Welcome to $100 a barrel oil and enjoy your stay. You're likely to be here a while.
Light, sweet crude passed the century mark Tuesday and closed above it for the first time, setting off speculation about just how high prices could go and where a realistic level of support may lie. Once considered an impossibility, such prices are now a fact of life.
"I certainly think it's a harbinger of things to come. Yesterday's spike was for a multitude of reasons ... and we have to understand that none of these things are going to go away," said Kevin Kerr, an analyst at Resource Trader Alert. "Really this is probably just a stopping point on the way to $120 a barrel."
The surge in oil has come on the heels of various factors -- some purely speculative, but others fairly fundamental.
Commodities in general have been booming as stocks remain mired near bear-market levels, and bond yields fall as investors flock to Treasurys for safety.
But in oil's case, there are other factors: Geopolitical tensions in Venezuela and Nigeria threatening supplies; higher demand with peak driving season on the horizon; and recalcitrant officials at the Organization of Petroleum Exporting Countries who are vowing to defend an $80 a barrel baseline.
Like other commodities, oil will have some volatility -- the price Wednesday at one point dropped more than $1 a barrel before rising again. But the OPEC stand and its accompanying pledge not to increase production despite a surge in costs has most analysts convinced that oil has found its range and is unlikely to back off anytime soon.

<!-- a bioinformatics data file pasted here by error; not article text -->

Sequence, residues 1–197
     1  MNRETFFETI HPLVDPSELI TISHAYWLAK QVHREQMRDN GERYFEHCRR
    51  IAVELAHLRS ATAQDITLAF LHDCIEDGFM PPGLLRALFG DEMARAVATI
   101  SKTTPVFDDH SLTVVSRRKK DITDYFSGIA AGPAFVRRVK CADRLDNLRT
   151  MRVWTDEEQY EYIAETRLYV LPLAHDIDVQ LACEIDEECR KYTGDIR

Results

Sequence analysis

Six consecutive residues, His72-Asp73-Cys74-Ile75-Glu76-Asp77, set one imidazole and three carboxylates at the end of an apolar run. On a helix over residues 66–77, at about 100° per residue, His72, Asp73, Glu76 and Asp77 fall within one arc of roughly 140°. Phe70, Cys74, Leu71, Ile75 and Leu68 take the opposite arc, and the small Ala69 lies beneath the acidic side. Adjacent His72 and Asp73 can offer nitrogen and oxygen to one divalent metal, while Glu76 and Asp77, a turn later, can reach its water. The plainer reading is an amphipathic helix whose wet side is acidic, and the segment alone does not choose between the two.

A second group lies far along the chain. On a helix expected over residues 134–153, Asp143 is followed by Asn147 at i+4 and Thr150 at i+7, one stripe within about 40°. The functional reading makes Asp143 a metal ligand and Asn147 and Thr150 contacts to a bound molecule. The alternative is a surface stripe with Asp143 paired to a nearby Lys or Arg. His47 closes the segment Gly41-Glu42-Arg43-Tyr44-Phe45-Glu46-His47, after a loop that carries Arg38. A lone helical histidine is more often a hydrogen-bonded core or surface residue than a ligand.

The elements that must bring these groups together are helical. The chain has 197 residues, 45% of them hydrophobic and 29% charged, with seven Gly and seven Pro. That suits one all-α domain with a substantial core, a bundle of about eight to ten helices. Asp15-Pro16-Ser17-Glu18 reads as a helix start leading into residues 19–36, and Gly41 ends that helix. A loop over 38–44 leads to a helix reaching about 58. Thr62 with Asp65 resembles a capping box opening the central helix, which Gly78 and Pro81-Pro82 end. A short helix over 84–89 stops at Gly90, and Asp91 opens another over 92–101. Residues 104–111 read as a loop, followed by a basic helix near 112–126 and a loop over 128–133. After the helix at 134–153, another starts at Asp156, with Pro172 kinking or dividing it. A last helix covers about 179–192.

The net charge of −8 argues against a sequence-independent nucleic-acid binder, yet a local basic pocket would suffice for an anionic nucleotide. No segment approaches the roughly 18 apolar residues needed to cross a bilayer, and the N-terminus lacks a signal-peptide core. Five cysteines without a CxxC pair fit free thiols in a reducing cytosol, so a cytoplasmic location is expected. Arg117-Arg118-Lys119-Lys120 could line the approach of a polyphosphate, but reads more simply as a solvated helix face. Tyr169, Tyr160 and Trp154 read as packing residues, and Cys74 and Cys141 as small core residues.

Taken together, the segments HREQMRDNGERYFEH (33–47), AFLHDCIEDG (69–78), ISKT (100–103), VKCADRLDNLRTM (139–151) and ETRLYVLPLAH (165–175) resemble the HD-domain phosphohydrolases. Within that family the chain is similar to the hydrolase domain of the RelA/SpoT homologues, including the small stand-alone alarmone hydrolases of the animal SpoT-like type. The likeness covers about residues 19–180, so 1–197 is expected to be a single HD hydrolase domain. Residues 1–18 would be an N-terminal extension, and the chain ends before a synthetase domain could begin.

"There's some speculative buying definitely contributing to this," said Ray Carbone, of Paramount Options.
"I think (the price) is showing a very, very tight market in general and it shows that no matter what the economic numbers are -- and they have been slow and a little bearish on demand -- supply concerns will always trump bearish numbers."
Oil's price reverberates through the economy because of Americans' reliance on it to fuel their cars and heat their homes and businesses.
The surging price, combined with a higher-than-expected reading Wednesday in the Consumer Price Index, helped stoke inflation fears that could dissuade the Federal Reserve from further interest rate cuts.
"Oil at $100 a barrel right now is going to really kind of put the final nail in this coffin," said Ben Lichtenstein, of Traders Audio. "If we're teetering on a recession with oil sustained above $85 a barrel, what's $100 going to bring right now? Again, $100 is just a little speed bump right now. We're on our way to $120 easily."
But Kerr, of Resource Trader Alert, cautions investors on how they play the oil market. Though prices seem enticing for going long on oil futures, he instead advises plays on undervalued refiners and drillers, citing Halliburton and Schlumberger as possible moves.
"Oil's something that can go back down, because I think the demand equation's going to hit us," notes Robert Wiedemer, author of "America's Bubble Economy." "I think the economy's going to continue to slow down and I think that's going to hit oil, and I don't think there's any way around that, so I'd be a little careful about playing on that side."